Objective: To assess the reliability of the histological diagnosis of bladder cancer by assessing the interobserver variability of staging and grading in pTa/pT1 tumours and evaluating the clinical significance of discrepancies.
Materials and methods: All sections from 301 superficial bladder carcinomas were reviewed by one pathologist. The prognostic relevance of grade and stage from both the initial and review diagnosis were determined in 128 patients for whom there was long-term follow-up information.
Results: There were significant interobserver differences in both the grading and staging of tumours. From a total of 235 tumours that were initially considered pT1, the reviewer classified 35% as pTa, 56% as pT1, 6% as pT1- (at least pT1), and 3% as pT2-4. In 39% of all biopsies there were interobserver differences in tumour grade. The prognostic significance of grade and stage differed between the initial pathology report and the reviewer's diagnosis. The reviewer's staging allowed a better estimate of the risk of subsequent tumour progression than the initial staging. Progression was significantly more common in 49 tumours in which the reviewer agreed with stage pT1 than in 29 tumours that were down-staged from pT1 to pTa (P = 0.0116). However, the initial tumour grade (P = 0.0386) but not the reviewer's grade (P = 0.2645) was significantly linked to progression.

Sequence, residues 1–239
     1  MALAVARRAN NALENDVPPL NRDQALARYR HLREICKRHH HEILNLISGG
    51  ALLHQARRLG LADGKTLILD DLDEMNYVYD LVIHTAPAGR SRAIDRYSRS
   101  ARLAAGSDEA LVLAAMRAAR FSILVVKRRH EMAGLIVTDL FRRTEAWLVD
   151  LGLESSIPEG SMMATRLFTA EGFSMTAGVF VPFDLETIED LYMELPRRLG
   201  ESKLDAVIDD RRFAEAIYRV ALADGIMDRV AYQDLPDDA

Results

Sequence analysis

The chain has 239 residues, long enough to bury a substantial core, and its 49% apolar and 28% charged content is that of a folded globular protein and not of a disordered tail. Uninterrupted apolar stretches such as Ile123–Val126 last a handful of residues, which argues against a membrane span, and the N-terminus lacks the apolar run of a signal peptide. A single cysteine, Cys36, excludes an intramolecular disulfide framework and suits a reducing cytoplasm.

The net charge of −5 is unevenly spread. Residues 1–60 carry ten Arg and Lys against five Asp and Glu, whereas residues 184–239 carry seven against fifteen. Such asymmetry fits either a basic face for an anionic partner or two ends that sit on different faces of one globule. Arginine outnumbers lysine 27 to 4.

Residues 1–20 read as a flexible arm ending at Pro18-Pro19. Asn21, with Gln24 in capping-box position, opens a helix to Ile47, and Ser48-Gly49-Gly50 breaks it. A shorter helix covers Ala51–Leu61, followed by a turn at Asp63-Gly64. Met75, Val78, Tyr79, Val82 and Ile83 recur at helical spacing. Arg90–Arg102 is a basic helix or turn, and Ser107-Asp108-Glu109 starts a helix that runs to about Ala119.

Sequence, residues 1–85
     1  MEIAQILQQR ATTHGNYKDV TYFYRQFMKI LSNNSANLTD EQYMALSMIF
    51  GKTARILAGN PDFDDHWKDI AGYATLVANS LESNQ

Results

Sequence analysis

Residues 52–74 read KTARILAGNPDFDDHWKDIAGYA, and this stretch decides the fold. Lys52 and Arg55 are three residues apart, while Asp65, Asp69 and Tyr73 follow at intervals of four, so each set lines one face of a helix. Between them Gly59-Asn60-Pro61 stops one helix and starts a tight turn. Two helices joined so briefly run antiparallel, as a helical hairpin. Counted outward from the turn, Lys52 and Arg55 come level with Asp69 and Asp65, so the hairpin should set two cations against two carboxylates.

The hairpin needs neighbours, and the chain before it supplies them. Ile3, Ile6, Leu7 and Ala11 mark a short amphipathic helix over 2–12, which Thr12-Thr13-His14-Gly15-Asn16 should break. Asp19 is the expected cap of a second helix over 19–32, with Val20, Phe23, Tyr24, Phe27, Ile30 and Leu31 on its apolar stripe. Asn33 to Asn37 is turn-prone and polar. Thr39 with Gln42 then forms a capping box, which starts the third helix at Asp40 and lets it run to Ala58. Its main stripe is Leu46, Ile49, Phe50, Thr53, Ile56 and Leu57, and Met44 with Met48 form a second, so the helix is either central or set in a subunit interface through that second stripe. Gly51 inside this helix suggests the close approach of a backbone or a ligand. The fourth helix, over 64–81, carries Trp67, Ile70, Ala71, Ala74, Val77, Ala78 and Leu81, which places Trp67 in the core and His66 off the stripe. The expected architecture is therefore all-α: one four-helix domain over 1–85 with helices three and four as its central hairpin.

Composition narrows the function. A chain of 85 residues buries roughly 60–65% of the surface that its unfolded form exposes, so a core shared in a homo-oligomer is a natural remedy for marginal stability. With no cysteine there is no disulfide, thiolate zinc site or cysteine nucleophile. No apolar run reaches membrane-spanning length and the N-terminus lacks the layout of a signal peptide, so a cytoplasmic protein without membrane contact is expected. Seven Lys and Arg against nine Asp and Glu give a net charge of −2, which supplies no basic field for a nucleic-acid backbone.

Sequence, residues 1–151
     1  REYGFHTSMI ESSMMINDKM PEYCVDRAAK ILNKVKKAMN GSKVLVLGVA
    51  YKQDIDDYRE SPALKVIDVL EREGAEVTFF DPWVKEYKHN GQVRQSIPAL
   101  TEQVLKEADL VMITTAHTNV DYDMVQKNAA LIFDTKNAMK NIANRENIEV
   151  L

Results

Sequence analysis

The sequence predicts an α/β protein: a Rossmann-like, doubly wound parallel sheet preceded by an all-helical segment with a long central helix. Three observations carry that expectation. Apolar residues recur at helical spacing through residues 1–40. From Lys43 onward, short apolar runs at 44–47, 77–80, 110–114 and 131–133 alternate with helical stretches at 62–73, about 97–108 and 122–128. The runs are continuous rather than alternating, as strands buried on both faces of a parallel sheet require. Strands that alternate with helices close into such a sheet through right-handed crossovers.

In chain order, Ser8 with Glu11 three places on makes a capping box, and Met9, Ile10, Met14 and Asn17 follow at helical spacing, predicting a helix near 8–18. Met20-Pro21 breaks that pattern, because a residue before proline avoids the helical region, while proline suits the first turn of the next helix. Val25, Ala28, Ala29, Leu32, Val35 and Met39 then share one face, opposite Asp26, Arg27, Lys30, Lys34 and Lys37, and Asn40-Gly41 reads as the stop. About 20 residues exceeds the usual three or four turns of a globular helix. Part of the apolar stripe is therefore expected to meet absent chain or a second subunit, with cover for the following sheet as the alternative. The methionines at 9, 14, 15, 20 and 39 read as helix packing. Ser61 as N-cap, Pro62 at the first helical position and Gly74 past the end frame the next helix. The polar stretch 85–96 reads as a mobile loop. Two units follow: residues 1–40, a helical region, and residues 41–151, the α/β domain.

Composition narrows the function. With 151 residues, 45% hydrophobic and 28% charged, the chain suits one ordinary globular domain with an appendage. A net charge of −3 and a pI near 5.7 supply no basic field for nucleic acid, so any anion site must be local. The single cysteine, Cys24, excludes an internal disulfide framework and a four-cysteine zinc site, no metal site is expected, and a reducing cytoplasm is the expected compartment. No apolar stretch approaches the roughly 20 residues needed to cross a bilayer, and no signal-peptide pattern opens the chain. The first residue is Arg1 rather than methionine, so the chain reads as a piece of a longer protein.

Conclusions: These results show that grading and staging by different pathologists have varying prognostic implications. If possible, biopsies from bladder tumours should be independently evaluated by two different pathologists before radical therapy is administered.